Editorial: A role model for women in science
Dr. Margaret Ransone Murray blazed the way to advances in tissue culture and study. Researching mostly in the 1940s-1960s, through her work at Columbia University and the National Institutes of Health she advanced knowledge of cancer and multiple sclerosis, among other diseases that plague mankind.
Today, her name is hard to find in a Google search. Most likely her pioneering work has been buried in the avalanche of research that has followed, although she received a wall full of awards during her lifetime.
But Dr. Murray (1901-1986) was a pioneer indeed in two ways: she paved the way for advances in the fight against disease; and she set an example for other women who want to enter science. She could be a role model for the young women that Steve and Cokie Roberts are trying to reach through their column in this week’s Gazette-Journal. Her name deserves greater recognition.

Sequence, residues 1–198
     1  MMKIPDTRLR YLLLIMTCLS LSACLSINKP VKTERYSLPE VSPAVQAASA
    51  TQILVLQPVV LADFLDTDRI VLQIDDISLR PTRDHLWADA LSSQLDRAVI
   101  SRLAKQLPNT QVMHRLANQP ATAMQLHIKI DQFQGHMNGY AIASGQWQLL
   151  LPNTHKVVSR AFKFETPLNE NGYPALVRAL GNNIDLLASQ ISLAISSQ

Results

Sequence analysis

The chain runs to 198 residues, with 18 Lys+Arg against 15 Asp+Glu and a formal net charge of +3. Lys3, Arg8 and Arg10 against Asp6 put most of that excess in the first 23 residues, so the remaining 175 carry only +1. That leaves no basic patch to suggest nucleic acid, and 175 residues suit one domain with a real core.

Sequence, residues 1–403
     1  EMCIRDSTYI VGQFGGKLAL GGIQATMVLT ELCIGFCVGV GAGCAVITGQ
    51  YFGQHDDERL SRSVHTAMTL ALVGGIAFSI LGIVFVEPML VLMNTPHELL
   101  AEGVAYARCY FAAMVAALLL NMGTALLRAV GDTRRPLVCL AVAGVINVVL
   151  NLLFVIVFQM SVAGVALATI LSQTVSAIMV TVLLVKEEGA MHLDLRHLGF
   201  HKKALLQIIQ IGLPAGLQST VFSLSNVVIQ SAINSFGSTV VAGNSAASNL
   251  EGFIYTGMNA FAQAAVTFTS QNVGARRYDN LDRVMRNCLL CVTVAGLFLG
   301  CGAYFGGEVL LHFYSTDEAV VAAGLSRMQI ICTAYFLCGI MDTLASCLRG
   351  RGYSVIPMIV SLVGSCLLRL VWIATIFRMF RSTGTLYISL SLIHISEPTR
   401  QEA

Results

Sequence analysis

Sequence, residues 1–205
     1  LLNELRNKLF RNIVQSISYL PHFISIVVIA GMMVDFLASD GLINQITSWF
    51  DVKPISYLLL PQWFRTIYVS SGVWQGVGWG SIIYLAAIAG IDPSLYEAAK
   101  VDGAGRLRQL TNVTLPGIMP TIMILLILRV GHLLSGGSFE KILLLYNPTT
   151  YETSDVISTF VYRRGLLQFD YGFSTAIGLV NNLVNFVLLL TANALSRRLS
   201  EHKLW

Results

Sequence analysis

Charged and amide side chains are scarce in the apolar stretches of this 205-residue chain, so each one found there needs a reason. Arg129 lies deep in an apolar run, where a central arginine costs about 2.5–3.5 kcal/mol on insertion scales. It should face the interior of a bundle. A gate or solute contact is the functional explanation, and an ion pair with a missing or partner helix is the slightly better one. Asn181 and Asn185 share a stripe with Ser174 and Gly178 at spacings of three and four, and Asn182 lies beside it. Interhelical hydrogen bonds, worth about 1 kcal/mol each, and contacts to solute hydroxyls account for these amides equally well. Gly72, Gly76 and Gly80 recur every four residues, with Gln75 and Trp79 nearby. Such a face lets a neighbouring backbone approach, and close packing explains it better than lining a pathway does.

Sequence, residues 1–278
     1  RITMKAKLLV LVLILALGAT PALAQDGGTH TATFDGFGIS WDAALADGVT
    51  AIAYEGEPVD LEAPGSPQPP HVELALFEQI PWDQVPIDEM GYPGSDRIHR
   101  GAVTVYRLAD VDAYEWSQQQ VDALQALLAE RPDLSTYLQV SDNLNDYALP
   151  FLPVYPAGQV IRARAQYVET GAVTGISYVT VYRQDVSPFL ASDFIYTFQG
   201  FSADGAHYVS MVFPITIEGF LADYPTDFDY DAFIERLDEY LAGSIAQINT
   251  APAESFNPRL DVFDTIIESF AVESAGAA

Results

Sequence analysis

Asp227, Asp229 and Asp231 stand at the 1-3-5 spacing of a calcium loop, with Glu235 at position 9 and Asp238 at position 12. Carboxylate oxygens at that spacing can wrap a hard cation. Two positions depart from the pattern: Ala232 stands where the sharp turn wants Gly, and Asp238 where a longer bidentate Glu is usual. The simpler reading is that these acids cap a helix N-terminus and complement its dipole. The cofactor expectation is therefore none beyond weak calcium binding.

Why do we care? Because Margaret Murray was a native of Mathews County. She grew up near Williams Wharf and died at her home Williamsdale after a life full of curiosity and achievement. She dedicated her working years not to making riches; not to seeking adulation and fame; but to helping science understand and better control killing maladies.
She was a woman of science and her native county should hold her up as a beacon of what can be achieved through a combination of intelligence and focused study.